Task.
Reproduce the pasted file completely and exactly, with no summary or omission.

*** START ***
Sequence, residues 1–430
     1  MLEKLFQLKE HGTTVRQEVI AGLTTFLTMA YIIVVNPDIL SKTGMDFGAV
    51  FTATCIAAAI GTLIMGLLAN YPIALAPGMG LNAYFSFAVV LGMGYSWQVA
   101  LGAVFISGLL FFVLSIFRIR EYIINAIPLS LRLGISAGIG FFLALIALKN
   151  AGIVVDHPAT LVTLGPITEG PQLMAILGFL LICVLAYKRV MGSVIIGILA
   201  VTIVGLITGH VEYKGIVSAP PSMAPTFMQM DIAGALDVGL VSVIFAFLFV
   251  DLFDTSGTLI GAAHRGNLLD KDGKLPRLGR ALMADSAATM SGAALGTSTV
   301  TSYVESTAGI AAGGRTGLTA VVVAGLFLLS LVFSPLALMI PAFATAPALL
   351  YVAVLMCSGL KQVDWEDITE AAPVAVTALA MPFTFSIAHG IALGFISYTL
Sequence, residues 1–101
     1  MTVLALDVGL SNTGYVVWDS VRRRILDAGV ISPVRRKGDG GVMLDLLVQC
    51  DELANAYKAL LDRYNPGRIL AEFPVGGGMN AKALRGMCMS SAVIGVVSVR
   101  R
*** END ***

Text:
Sequence, residues 1–430
     1  MLEKLFQLKE HGTTVRQEVI AGLTTFLTMA YIIVVNPDIL SKTGMDFGAV
    51  FTATCIAAAI GTLIMGLLAN YPIALAPGMG LNAYFSFAVV LGMGYSWQVA
   101  LGAVFISGLL FFVLSIFRIR EYIINAIPLS LRLGISAGIG FFLALIALKN
   151  AGIVVDHPAT LVTLGPITEG PQLMAILGFL LICVLAYKRV MGSVIIGILA
   201  VTIVGLITGH VEYKGIVSAP PSMAPTFMQM DIAGALDVGL VSVIFAFLFV
   251  DLFDTSGTLI GAAHRGNLLD KDGKLPRLGR ALMADSAATM SGAALGTSTV
   301  TSYVESTAGI AAGGRTGLTA VVVAGLFLLS LVFSPLALMI PAFATAPALL
   351  YVAVLMCSGL KQVDWEDITE AAPVAVTALA MPFTFSIAHG IALGFISYTL
Sequence, residues 1–101
     1  MTVLALDVGL SNTGYVVWDS VRRRILDAGV ISPVRRKGDG GVMLDLLVQC
    51  DELANAYKAL LDRYNPGRIL AEFPVGGGMN AKALRGMCMS SAVIGVVSVR
   101  R